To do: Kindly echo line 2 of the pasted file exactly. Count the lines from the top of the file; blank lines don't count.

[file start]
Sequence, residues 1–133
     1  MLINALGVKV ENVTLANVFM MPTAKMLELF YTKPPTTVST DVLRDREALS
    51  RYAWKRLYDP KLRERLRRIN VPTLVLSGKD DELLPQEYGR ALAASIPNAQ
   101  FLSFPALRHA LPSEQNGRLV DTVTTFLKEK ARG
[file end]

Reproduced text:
     1  MLINALGVKV ENVTLANVFM MPTAKMLELF YTKPPTTVST DVLRDREALS